SALEM, Ore. — Oregon state Senator Jackie Winters has died, according to statements from her colleagues in the legislature. She was 82 years old, and had been battling cancer.
"Thankfully, Senator Winters, known as the soul of the Oregon Legislature, was able to watch and listen last week as her crowning legislative achievement, Senate Bill 1008, Juvenile Justice Reform, passed the House of Representatives," her Office said in a brief statement.
Sen. Winters had most recently been leading the Republican minority in the Senate. In 1998 she became the first African-American Republican to be elected to the state legislature. She became a Senator in 2002 before rising up the ranks of the Republican Caucus.
Statements honoring Winters soon came pouring out from public figures on both sides of the aisle — highlighting her strength, dedication, and enduring bipartisanship.
“We are saddened at the passing of Sen. Jackie Winters, a true pioneer, stateswoman and valiant leader. For many years, Sen. Winters embodied the spirit of Oregon, overcoming obstacles, setting a course for others to follow and bridging divides. Oregon has lost a truly great legislator and remarkable woman,” said House Republican Leader Carl Wilson (R-Grants Pass) in a statement.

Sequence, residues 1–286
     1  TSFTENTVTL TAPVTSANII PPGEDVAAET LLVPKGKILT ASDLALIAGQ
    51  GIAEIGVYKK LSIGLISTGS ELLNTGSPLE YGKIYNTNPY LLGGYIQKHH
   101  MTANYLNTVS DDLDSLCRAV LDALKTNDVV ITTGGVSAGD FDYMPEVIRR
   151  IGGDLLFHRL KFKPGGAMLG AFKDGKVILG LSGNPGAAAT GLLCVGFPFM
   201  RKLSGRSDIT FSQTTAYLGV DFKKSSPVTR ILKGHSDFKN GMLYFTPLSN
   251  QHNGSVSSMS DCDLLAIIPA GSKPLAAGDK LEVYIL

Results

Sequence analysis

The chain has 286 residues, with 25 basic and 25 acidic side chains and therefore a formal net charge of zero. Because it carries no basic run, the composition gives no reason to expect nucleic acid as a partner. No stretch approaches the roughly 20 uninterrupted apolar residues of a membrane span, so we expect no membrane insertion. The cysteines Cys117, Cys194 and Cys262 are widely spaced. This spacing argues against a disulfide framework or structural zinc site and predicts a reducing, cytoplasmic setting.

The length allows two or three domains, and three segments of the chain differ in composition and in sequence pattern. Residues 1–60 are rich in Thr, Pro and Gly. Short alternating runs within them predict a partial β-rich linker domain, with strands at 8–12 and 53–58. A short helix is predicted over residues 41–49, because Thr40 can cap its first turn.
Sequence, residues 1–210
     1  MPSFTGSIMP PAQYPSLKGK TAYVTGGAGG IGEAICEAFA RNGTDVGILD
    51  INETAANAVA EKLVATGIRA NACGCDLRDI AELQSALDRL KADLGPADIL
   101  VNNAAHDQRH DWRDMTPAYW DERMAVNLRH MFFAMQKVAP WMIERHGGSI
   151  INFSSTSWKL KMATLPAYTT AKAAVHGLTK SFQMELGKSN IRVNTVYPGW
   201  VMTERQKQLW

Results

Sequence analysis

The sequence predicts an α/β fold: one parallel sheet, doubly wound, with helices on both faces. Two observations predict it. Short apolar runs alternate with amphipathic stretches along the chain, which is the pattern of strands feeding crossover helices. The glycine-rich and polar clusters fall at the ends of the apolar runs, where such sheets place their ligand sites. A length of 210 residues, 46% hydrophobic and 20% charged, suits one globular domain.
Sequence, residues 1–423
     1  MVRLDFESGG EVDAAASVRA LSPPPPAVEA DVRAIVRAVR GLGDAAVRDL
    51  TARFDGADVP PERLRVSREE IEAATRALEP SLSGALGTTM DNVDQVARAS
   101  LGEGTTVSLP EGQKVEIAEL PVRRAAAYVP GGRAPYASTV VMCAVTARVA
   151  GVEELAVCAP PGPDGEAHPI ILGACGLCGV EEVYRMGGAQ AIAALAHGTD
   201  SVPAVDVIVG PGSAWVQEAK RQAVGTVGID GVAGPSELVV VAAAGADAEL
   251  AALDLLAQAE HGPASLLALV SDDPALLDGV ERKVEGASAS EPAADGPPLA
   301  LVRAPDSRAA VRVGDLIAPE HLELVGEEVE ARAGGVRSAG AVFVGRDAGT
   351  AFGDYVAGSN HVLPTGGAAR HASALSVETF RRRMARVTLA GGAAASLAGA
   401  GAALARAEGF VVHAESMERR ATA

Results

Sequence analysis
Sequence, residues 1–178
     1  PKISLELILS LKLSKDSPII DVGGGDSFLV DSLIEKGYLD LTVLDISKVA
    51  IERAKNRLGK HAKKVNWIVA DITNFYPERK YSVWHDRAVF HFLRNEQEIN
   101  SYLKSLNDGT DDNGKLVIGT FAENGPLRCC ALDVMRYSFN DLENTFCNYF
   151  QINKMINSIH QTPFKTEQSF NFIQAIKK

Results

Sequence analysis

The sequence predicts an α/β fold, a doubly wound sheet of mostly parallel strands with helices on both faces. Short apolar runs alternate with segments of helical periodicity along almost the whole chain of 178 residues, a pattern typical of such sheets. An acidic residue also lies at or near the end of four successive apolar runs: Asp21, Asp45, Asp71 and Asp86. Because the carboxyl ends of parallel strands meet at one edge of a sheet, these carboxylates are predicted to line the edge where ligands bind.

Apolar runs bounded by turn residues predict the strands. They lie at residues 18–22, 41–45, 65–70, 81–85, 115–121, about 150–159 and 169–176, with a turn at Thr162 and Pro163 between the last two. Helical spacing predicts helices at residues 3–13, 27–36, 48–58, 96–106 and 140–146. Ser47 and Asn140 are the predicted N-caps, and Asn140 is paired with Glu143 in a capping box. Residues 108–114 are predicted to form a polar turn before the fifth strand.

"Senator Jackie Winters has been a bastion of integrity, justice, and common sense in the Oregon Legislature since she first took her seat in 1999," said Governor Kate Brown. "Her commitment to service knew no bounds. It shone through in every project she took on and every issue she tackled."
“Oregon has lost a true giant today, and our hearts are heavy. I had the pleasure of knowing and working with Jackie for over 20 years, and she was always a steadfast champion for children, for families, and for justice . . . She was the epitome of working with all and a master of bipartisanship! She will be missed by all who serve here in the Capitol, her community, and her family. She was a true and dedicated public servant, and Oregon is better because she dedicated her life to public service," said Secretary of State Bev Clarno.
"Jackie was what was good in public service and in everyday life. She was always trying to make things better for all Oregonians, on all fronts. She was a noble soul," said Senate President Peter Courtney. "She was a pioneering woman in the Oregon Legislature, a true historical figure. I’ve lost my partner in public service. The Legislature and Oregon has lost a dedicated servant. We’ve lost the best of the best."
This is a developing story, and NewsWatch 12 will update this article with more details as they emerge.